Stock prices on the whole have been trading down in negative territory on Tuesday, following fresh all-time highs being set by the Dow Jones Industrial Average and the S&P 500 Index on Monday.
By Peter Martin
Wednesday, June 4, 2014
The most significant US economic release of the day was the factory orders report for April, which came in better than expected and helped to lift the stock market off its lows, though it wasn’t enough to lift stocks out of the red entirely.
Factory orders, a measure of the dollar value of new orders received for both durable and non-durable goods, came in up 0.7% on the month for April, beating the consensus estimate which had pointed to a 0.5% gain, and providing the latest piece of evidence to signal strength in the US manufacturing sector. There was also the added boost of a significant upward amendment to the March report, revised higher to 1.5% after originally being reported as an already-strong 1.1%. A 0.9% jump in unfilled orders, alongside an upwardly-revised 0.8% for this component for March, points to plenty of impetus for shipments in the months ahead. Put into context with the gains seen yesterday in the two manufacturing gauges from Markit and the ISM, it would appear that the manufacturing sector is a bright spot in the economy at the moment.
The upbeat nature of the factory orders report gave stock prices a little lift, but approaching midday in New York the DJIA was still down 0.27% or 45 points at 16,698 and the S&P 500 was off by 0.26% at 1920.0. Bucking the day’s downward trend were automakers General Motors and Ford, both of which advanced after auto sales for May came in higher than expected. Clement weather and the large number of weekends in May this year will have played a part in the bumper sales figures, with Chrysler, Nissan, Toyota and General Motors all reporting sales gains over last May in double-digit percentages.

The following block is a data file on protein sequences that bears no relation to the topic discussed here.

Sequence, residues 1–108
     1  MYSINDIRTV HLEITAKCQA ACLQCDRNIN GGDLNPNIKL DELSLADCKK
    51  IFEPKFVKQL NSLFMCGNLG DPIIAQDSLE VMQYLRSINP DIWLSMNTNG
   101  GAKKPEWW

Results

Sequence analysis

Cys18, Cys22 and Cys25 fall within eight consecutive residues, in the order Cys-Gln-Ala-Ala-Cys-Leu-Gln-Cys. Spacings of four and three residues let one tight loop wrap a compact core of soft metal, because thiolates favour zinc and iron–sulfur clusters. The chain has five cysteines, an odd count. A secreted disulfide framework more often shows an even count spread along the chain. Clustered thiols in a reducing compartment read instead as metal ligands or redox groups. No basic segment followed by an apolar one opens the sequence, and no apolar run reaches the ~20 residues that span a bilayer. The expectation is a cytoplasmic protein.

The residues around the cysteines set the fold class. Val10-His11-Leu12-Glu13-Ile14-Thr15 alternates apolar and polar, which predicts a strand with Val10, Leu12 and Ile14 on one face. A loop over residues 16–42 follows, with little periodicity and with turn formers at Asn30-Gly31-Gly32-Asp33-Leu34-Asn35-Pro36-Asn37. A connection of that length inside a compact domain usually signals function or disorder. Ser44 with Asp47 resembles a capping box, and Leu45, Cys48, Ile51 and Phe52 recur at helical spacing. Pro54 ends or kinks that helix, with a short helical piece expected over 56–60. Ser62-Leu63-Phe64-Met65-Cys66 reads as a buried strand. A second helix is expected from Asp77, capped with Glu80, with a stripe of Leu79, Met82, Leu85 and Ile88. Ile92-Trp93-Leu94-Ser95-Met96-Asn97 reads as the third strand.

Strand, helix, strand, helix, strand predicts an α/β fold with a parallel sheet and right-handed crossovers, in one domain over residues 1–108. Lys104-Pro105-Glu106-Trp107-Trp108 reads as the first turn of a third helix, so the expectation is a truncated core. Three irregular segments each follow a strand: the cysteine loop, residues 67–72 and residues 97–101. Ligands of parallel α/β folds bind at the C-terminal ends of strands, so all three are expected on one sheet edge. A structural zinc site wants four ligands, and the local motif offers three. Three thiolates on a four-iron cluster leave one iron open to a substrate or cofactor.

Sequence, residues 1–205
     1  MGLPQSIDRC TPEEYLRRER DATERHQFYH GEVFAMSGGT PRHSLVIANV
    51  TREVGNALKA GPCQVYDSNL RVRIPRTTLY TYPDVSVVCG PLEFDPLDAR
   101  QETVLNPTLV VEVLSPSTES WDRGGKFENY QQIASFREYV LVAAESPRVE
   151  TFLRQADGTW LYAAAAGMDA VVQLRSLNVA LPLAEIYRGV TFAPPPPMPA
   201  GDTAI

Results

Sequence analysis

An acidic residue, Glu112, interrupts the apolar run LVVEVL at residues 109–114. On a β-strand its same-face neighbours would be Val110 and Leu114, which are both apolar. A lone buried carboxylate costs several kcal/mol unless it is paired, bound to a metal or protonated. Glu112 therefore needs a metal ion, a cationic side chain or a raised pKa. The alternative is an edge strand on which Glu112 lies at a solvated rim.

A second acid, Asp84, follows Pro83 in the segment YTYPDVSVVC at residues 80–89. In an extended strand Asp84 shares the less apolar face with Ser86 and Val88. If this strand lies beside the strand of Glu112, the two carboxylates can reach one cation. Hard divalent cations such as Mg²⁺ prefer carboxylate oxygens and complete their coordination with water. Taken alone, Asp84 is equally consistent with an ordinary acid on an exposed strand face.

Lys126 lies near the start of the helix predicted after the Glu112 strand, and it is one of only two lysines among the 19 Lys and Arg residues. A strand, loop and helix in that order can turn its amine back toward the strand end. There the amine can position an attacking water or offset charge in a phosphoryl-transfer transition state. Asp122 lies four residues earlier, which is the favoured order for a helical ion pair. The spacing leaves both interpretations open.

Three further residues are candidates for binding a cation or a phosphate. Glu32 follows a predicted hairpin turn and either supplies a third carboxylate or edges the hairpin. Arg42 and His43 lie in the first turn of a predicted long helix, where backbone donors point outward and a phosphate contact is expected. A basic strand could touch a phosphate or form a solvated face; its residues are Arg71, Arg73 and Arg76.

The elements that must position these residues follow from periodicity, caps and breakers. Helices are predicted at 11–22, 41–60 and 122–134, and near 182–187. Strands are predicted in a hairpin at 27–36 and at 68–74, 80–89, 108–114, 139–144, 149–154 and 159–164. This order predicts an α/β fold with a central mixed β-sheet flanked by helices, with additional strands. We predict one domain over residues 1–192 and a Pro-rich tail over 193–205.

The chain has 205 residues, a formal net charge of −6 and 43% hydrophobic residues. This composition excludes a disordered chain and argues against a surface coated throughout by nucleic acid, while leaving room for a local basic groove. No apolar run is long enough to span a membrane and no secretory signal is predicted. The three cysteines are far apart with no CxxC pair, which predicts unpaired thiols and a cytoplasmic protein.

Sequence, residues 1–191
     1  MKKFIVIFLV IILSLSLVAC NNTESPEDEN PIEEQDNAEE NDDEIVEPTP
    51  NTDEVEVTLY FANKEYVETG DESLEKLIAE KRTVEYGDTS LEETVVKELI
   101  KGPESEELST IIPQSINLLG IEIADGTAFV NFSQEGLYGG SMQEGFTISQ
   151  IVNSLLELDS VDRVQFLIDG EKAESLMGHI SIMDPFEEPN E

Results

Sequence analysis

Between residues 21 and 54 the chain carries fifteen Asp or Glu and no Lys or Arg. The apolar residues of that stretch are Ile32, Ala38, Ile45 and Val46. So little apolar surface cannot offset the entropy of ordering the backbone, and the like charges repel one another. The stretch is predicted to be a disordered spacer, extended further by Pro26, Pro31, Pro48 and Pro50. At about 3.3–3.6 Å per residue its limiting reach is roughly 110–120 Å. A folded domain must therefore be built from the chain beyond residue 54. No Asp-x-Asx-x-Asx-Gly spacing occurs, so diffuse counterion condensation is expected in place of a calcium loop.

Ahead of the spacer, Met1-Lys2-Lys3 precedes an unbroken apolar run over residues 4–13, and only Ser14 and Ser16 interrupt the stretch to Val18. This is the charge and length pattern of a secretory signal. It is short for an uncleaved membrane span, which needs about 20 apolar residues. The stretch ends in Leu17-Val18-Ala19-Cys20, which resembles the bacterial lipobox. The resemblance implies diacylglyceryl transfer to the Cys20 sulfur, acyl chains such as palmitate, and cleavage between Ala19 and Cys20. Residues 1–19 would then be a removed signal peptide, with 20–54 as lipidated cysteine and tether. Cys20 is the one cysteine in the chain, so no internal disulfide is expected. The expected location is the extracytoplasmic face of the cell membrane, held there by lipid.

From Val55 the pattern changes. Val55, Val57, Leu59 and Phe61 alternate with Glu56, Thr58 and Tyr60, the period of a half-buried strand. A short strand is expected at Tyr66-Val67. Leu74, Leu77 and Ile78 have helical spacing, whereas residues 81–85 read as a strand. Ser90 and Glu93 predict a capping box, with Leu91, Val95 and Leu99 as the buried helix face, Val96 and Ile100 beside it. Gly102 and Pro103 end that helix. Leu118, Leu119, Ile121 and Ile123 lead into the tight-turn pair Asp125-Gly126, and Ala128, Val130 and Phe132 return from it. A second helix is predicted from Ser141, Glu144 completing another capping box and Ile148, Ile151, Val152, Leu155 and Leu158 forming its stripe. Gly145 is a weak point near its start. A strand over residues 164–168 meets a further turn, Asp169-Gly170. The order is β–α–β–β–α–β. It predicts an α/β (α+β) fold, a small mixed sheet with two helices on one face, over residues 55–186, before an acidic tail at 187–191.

We’re in the middle of a busy few days for eurozone economic data, leading up to Thursday’s rate decision from the European Central Bank (ECB), making it an interesting time for those trading the euro. Today’s data showed eurozone inflation easing further in May, with the flash harmonized index of consumer prices (HCIP) coming in at a year-on-year change of 0.5%, below expectations and down from the 0.7% seen in April. The core rate, which excludes the more volatile components of energy food, tobacco and alcohol, was 0.7%, down from 1.0% in April. This very much strengthens the case for those on the ECB’s governing council pushing for extra stimulus measures at Thursday’s meeting. Interestingly though, the euro strengthened against the dollar today, gaining 0.19% to 1.3622 and this may be indicative of profit taking from those already holding short positions on the euro.
The ECB, historically more conservative in its approach to making changes than the Fed or the Bank of England, is expected to cut its benchmark rate on Thursday, according to a survey of analysts conducted by Reuters. With the deposit rate currently at a record low 0.25%, the ECB is running out of room to manoeuver and there is a possibility of the central bank testing the uncharted waters of negative rates.
There was some good news for the eurozone today, though, with unemployment coming in at 11.7% for April, a touch better than was expected and a small but welcome drop from the 11.8% recorded for March. Clearly this is good news, but with the unemployment ranging widely across the joint economic region, from 4.9% in Austria and 5.2% in Germany to 25.1% in Spain, there are inherent challenges for the ECB in trying to apply one policy across such varying nations. First quarter GDP data for the Eurozone will be released on Wednesday.
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